The World Health Organization is warning of a resurgence of deadly meningitis in Africa because COVID-19 has disrupted lifesaving vaccination campaigns.
The near elimination of the deadly form of meningitis type A in Africa is one of the continent’s biggest health success stories. Over the last 12 years, about 350 million Africans have received a single dose of MenAfriVac, a vaccine designed specifically for the African meningitis belt.
The WHO regional director for Africa, Matshidiso Moeti, said not a single case of meningitis Group A has been reported on the continent in the past five years.
“Now, however, the COVID-19 pandemic has delayed vaccination campaigns targeting more than 50 million African children, raising the risk that these gains will be reversed,” she said. “In addition, major outbreaks caused by meningitis Group C have been recorded in seven of the African Sub-Saharan meningitis belt countries in the past nine years.”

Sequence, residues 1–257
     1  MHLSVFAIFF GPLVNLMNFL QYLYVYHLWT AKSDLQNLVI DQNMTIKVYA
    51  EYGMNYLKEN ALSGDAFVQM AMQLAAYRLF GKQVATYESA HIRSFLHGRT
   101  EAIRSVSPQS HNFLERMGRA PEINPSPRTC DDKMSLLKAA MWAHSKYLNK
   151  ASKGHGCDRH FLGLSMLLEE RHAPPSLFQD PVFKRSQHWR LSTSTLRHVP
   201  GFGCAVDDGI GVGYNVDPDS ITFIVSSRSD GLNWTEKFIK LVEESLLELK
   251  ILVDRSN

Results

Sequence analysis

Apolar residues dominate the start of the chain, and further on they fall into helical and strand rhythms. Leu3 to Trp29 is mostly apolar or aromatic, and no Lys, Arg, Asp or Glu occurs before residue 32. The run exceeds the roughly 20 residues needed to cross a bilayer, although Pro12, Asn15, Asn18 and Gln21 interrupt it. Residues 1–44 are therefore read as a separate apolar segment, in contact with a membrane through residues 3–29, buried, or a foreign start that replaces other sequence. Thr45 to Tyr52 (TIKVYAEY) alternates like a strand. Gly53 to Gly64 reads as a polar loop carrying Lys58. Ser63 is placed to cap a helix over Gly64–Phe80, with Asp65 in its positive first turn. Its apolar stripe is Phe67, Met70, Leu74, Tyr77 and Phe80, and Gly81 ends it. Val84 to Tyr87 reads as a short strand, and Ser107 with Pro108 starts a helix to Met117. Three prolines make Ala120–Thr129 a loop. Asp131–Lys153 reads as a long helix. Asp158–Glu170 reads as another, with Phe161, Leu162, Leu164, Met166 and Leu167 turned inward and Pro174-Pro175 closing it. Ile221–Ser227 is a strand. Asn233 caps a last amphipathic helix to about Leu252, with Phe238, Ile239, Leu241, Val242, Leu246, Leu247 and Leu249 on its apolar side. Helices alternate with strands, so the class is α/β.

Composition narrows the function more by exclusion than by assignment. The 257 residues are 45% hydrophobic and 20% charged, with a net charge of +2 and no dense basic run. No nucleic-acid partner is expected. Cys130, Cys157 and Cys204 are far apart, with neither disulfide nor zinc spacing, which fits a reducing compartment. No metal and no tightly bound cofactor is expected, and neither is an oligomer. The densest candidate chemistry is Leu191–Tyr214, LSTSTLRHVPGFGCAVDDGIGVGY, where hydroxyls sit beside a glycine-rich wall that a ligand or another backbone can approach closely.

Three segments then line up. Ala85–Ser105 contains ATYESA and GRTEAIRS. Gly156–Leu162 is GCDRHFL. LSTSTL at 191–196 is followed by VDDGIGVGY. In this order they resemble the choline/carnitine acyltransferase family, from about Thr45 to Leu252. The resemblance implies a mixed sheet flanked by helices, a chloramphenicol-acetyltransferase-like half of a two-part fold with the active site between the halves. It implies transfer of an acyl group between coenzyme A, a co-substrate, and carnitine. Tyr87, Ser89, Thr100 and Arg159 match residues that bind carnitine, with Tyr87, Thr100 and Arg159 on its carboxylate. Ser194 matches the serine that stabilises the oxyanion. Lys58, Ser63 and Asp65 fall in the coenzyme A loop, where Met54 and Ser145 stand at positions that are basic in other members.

Moeti noted a four-month outbreak last year in the Democratic Republic of Congo claimed more than 200 lives.
Francois Marc Laforce, director of technical services for the Serum Institute of India, played a pivotal role in the development of the MenAfriVac vaccine at the Serum Institute nearly two decades ago. He said that besides meningitis Group C, Africa currently is contending with residual outbreaks of other forms of meningitis.
“A new vaccine again specifically designed for the African meningitis belt will, hopefully, be prequalified later this year or early next year,” he said. But this vaccine holds the promise of finishing what MenAfriVac began, such that Africa may be the first continent to be free of meningitis epidemics.”
Meningitis is caused by inflammation of the membranes that surround the brain and spinal cord. Acute bacterial meningitis can cause death within 24 hours. Young children are most at risk. About half the cases and deaths occur in children under age five.
The WHO launched a new strategy Thursday to defeat bacterial meningitis in the African region by 2030. The plan calls for shoring up diagnosis, surveillance, care, and vaccination. The WHO estimates $1.5 billion will be needed to implement the plan between now and 2030.